These guys aren’t cutting edge full timers professional climber, but the type of obsessive amateur that I had the privilege film a few years back and capture there lifestyles at the time in the Amateur Hardcore. Now Dave still works in the same climbing wall, where he trains a fair amount and still gets out on his days off. Whilst Chris currently works for Outlook Expeditions, where he oversees oversea expeditions on a 9 to 5 basis and fore fills his father role to his kids the rest of the day and still manages to get out and knock out Stella lines. Is it the kind of power they are born with or can it be trained? Who knows, my guess is that in between the climbing they’ve probably drank more than there share of alcohol, and had a proper good time!

Floppy attempting Pools of Bethesda a while ago now!

If that bouldering news wasn’t enough I was told by his bubbling girlfriend tonight at the wall that Pete Robins has had one of the days of his life on the Grit. Now I have heard of and witnessed Pete’s fitness on Grit and other rock mediums and it is truly inspirational. So to hear that he has had one of the climbing days of his life, really made me wonder what he had done. I knew he was heading over to try a problem he had spied several years ago, but gave up on when he moved to Wales, handing it over to Adam Long, who showed it to James McHaffie who nearly climbed it early this week.

So I wasn’t surprised to hear Pete had made a quick ascent of this, however another hard problem was mentioned that I can’t remember the name of along with an ascent of Renegade Master, no doubt done ground up, and a onsight of End of the Affair. Now I expect that some statement will follow saying that due to have seen a film of someone climbing it Pete is not claiming the true on-sight, but as style goes that is fantastic.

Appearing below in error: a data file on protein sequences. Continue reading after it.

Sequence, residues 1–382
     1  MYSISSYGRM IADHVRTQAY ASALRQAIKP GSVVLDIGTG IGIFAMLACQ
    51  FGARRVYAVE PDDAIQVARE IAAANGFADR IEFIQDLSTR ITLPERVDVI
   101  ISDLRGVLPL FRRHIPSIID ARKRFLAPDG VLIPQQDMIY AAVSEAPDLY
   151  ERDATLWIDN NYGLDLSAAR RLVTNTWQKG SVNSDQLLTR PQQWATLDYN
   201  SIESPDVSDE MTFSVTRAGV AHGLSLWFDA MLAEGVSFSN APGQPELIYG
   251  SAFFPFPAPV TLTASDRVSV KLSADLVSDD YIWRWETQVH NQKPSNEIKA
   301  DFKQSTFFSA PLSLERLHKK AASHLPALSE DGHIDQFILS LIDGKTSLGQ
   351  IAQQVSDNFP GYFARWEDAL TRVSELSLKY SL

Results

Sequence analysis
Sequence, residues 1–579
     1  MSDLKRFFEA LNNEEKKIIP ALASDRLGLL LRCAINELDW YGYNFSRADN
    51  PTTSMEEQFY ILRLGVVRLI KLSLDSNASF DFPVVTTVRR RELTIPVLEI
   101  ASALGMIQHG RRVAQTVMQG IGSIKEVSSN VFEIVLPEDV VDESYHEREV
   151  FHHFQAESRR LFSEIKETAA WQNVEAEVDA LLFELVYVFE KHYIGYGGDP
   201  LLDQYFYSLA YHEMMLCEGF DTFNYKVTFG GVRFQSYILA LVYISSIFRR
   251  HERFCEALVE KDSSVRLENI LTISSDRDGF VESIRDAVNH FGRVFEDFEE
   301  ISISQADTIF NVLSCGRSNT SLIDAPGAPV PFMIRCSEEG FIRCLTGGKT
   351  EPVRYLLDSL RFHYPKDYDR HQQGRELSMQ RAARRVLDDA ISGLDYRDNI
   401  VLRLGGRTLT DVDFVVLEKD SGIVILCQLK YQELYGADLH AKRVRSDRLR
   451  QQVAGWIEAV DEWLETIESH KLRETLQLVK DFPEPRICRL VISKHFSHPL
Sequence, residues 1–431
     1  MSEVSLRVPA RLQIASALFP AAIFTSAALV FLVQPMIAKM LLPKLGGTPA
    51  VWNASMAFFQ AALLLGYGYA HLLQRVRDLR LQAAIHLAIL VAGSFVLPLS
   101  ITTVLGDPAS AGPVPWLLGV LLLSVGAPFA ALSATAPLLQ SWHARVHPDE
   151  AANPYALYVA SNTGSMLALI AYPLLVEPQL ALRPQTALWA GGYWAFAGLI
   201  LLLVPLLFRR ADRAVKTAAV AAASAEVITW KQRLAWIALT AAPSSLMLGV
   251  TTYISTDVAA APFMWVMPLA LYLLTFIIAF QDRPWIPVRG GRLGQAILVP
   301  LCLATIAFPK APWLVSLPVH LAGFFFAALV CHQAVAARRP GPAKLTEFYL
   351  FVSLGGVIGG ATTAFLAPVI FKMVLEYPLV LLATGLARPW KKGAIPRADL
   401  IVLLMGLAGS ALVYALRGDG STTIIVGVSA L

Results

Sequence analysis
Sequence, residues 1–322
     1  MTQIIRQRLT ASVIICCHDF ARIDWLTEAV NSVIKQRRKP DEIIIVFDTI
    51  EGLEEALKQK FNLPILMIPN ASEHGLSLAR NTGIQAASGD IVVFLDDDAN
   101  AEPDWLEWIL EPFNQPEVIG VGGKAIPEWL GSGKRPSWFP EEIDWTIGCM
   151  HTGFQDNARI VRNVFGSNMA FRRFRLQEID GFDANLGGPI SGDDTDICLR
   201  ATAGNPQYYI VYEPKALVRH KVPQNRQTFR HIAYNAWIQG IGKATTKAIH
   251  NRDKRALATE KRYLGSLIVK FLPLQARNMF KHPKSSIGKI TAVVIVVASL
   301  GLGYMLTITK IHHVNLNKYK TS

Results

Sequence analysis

Pete Robins Training at ‘The Mill’

Now Pete isn’t a full time climber either, Dr Robins is a extremely talented mathematician who creates dynamic models of coastal environments to show the effects of global warming. Working four days a week, 9 to 5 in an office, seems to allow him to develop a massive amount of psyche and determination to get out there and climb it. Climbing is in his blood his father is manager of the Edge in Sheffield and Pete cut his teeth on the gritstone edge’s before moving to Wales to attend university where he’s been burning us all off every since.

One of the ‘things’ that seems to be important in Wales is the style you climb a route, to the extent that a couple of days ago in the pub, I mentioned that I wanted to climb a route that was probably too hard for me but I’ll accept a dogged ascent. The route was Conan the Librarian and I expected the likes of Pete and Jack Geldard to have climbed it, hoping for some beta or a offer of pay back from numerous belaying duties for Pete, it turned out that neither of them had climbed it because they all what to try and on-sight the first pitch. So whilst Caff has climbed it three times, the rest of Wales ‘big guns’ and the overambitious me are in a kind of Mexican stand off waiting for someone to back down on climbing the first pitch.

Anyway North Wales is great, as are the climbers who pretty much made Al Lee’s film ‘Onsight’, although I was lucky enough to film a few of those characters in my film from a few years back Between the Rain. When I am sat on my arse typing I often wonder at the community in which I live.


I have just come back from being sat in the famous climbing pilgrimage site of Pete’s Eat, you’ll be glad to know I didn’t eat the food (I am in training!). Now whilst there I observed two things the first was that only one person I know seems to have been brave enough to climb outside today, and on a north facing Dinas Mot, in the wind tunnel known as Llanberis Pass. He looked cold, very very cold in fact.